Thanks to Paula Kirby, a member of one of the SY2E – Remain in the EU groups.
I’d like to correct a very widespread misunderstanding.
It is not correct to say the EU is unelected. It is true that the EU Commission is not directly elected, but its members, the Commissioners, are all nominated by elected national parliaments and then have to be approved by the elected EU Parliament. And it cannot make any laws or regulations. It can propose them, but only the elected EU Parliament and the Council of ministers can approve (or reject) them. The EU Council, consists of the elected heads of the elected national governments. So ultimate control of the EU Commission rests firmly with elected bodies, some of them at national and not even EU level.
It’s also important to understand the areas of responsibility (“competence” in legalese) where the EU makes laws and regulations. All EU members have opted – following votes in their national, elected parliaments – to delegate responsibility for certain (but most definitely not all!) policy areas to the EU. The “competences” delegated to the EU relate to things such as the Single Market – which by definition could not work if each member state made its own rules – and issues that can be far more effectively addressed in collaboration rather than as individual nation states. Things like climate change and counter-terrorism, for instance.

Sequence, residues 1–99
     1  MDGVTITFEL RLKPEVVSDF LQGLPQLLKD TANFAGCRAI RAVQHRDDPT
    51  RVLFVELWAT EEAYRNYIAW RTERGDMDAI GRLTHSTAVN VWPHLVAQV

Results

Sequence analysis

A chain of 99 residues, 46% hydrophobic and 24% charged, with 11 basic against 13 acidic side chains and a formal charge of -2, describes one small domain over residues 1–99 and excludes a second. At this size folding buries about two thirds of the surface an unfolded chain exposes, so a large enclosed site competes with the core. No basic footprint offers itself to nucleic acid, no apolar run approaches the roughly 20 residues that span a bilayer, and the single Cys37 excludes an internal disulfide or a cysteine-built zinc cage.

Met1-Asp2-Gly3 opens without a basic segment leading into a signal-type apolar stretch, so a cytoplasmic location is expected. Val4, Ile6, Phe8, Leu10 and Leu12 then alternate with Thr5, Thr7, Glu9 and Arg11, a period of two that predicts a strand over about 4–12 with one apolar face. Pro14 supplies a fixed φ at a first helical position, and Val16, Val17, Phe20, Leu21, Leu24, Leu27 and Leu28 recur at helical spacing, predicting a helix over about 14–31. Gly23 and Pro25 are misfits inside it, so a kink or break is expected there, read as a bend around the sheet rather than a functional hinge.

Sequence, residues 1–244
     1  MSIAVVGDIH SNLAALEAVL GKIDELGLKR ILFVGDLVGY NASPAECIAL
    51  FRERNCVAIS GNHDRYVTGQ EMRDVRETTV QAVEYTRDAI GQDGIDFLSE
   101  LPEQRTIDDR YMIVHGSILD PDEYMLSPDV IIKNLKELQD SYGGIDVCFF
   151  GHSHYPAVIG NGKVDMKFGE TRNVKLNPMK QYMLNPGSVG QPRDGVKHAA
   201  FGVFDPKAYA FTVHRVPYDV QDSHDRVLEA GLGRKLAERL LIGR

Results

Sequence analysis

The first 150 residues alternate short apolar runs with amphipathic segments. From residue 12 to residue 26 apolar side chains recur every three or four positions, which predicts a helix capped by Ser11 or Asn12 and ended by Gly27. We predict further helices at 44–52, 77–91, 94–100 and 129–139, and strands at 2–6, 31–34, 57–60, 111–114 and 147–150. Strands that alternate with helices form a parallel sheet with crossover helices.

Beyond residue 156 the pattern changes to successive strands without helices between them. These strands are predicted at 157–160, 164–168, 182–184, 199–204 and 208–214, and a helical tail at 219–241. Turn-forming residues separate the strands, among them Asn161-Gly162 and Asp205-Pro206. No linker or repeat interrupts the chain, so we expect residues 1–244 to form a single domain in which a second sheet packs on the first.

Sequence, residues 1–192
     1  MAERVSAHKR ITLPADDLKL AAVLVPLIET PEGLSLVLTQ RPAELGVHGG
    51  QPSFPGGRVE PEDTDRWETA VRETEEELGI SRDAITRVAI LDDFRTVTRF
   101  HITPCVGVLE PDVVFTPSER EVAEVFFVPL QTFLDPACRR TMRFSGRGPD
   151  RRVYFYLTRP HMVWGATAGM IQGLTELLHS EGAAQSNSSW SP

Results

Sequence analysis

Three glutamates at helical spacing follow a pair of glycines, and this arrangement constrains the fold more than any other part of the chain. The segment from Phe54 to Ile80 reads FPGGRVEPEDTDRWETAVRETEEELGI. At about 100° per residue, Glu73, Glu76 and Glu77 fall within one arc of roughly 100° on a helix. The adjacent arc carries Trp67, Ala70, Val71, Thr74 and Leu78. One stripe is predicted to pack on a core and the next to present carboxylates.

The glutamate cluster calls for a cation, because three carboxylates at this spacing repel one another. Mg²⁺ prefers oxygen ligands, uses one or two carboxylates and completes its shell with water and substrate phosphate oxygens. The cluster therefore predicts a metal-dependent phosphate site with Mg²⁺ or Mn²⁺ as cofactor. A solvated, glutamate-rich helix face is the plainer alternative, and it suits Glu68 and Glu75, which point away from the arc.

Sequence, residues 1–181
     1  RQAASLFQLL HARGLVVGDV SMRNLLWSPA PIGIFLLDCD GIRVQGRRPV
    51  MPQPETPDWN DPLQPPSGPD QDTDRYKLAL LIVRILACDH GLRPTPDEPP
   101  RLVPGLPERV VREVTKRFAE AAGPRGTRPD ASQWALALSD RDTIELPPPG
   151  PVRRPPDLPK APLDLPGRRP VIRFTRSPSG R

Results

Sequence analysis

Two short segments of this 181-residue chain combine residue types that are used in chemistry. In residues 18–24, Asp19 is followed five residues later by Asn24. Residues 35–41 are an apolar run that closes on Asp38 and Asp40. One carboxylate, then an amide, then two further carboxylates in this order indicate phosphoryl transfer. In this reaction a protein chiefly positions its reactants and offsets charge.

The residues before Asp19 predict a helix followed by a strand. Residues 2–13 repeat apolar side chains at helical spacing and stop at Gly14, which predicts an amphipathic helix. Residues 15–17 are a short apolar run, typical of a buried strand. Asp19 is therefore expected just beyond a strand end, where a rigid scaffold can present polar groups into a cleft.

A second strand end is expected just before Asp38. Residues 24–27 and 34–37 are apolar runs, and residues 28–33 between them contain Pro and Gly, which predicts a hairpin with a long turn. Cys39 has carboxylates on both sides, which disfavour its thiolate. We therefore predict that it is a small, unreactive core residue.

This doesn’t mean that national governments can’t and don’t implement their own specific legislation in these areas to supplement the EU legislation, but it does ensure that certain basic compatibilities are in place so that all EU members really are pulling together and achieving agreed minimum standards on these issues that affect us all. It makes total sense for “competence” for such matters to be at EU level, as that is the only way to ensure cohesion and consistency and therefore far greater effectiveness in dealing with these transnational issues.
And remember that, even in these areas, no legislation or regulation can be passed without the approval of the directly elected EU Parliament and directly-elected-at-national-level EU Council, in both of which we have the same degree of influence and veto as any other EU member, and actually have a strong track record of exerting that influence.
Legislation for the good of the individual countries on issues that have not been delegated to the EU is and remains the responsibility of individual national governments.
I hope that helps to settle your concerns on those issues.